The voters voted, but the fight for better care of breeding dogs is not over
Missouri Attorney General Koster at a puppy mill raid
As we reported last week, the recent elections included a victory for people in Missouri who care about dogs. Voters said yes to Proposition B, which would put some modest restrictions on dog breeders in the state.
But considering how modest the restrictions are, there’s been considerable attention on why the measure squeaked through with only 51.6 percent of the vote. Why would anyone be against this bill? The provisions seem like no-brainers:
Dogs must be examined at least once a year by a veterinarian.
They must be fed at least once a day.
They may not be bred more than twice in any 18-month period.
They must be housed indoors and have free access to an outside area.
Breeding operations will be limited to 50 breeder dogs.
Why were almost half the voters against this?
While Prop B passed by substantial margins in urban areas, it failed in 100 of the state’s 114 counties, where messaging from local interests persuaded voters that it would hurt agriculture and jobs.
Karen Strange of the Missouri Pet Breeders Association called the proposition “an invasion by animal rights groups,” referring specifically to the Humane Society of the United States. “They want to take out agriculture across the board,” she said.
Several national animal protection groups were actively in support of the proposition, with the HSUS providing about $2 million. But the campaign was led by a local organization, the Humane Society of Missouri (HSM).
“Thousands of people stood in the cold, in the rain and in some cases in the hail to gather signatures from registered voters,” said Barbara Schmitz of HSM. “People in Missouri don’t want to see dogs being mistreated.”
Prop B’s opponents persuaded people in rural areas that the law would be a kind of Trojan horse for activists who want to stop all breeding of puppies and whose wider agenda is to shut down animal agriculture altogether.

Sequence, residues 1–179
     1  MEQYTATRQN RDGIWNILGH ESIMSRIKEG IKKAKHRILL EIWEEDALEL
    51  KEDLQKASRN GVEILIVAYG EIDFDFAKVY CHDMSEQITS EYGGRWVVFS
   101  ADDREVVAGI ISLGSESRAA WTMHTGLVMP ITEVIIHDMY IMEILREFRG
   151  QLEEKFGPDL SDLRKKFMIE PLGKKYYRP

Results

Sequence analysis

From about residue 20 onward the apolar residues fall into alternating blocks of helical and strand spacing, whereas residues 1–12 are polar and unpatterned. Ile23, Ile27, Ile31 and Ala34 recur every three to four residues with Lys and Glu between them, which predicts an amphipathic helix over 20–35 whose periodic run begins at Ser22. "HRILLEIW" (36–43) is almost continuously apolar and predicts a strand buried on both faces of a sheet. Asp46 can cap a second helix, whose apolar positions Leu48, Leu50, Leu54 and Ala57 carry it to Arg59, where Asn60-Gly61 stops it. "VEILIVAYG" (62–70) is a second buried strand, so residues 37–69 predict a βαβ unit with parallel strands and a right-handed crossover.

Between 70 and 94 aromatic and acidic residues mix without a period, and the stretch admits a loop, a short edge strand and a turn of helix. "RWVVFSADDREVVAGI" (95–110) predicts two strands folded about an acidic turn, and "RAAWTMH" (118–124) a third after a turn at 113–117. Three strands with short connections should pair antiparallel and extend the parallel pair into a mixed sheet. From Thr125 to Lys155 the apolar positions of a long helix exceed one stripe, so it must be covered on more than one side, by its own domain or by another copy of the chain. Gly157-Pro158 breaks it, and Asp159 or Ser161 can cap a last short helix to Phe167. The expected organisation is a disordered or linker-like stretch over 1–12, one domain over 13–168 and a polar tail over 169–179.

The Alliance for Truth argued that the bill would help to raise the price of dogs and make it “more difficult for middle-class American families to be dog owners.” One of the Alliance’s supporters is Sam Wurzelbacher, better known as Joe the Plumber, who wrote on the group’s website that supporters of Prop B were “lying to our citizens and taking our constitutional rights away.”
“We’ve seen extremely poor overall health because of puppy mill owners putting profit above the health of their breeding stock.”
National organizations against the proposition included the American Kennel Club, which argued that it “finds the term puppy mill to be offensive to responsible breeders.” Local opponents of the measure included the state Veterinary Medical Association, which argued that most problems occur with unlicensed breeders.
The New York Times quotes the Humane Society of Missouri’s president, Kathy Warnick, as saying, “We’ve seen extremely poor overall health because of puppy mill owners putting profit above the health of their breeding stock.” HSM frequently assists local authorities when they raid breeding operations.
Several Missouri state lawmakers are making plans to repeal or dilute the new law, which will otherwise go into operation next November.
“We will start working on that issue probably immediately,” Republican Senator-elect Mike Parson told a press conference. Parson’s former district includes more than 150 licensed breeding operations and an unverified number of unlicensed ones. Earlier in the year, speaking at a Farm Bureau meeting, Parson said, “It’s not about the cruelty to animals; it’s about taking away the animals from us for consumption, and I truly believe that.”
Rep. Tom Loehner, who is the Republican chairman of the House Agriculture Policy Committee, said that the slim margin of the vote speaks to a review of the bill.
Loehner and other opponents of the bill argue that the new regulations may force many breeders out of business and cause job losses. But proponents, like the Humane Society’s Schmitz, counter that the bill will create additional demand for veterinary services.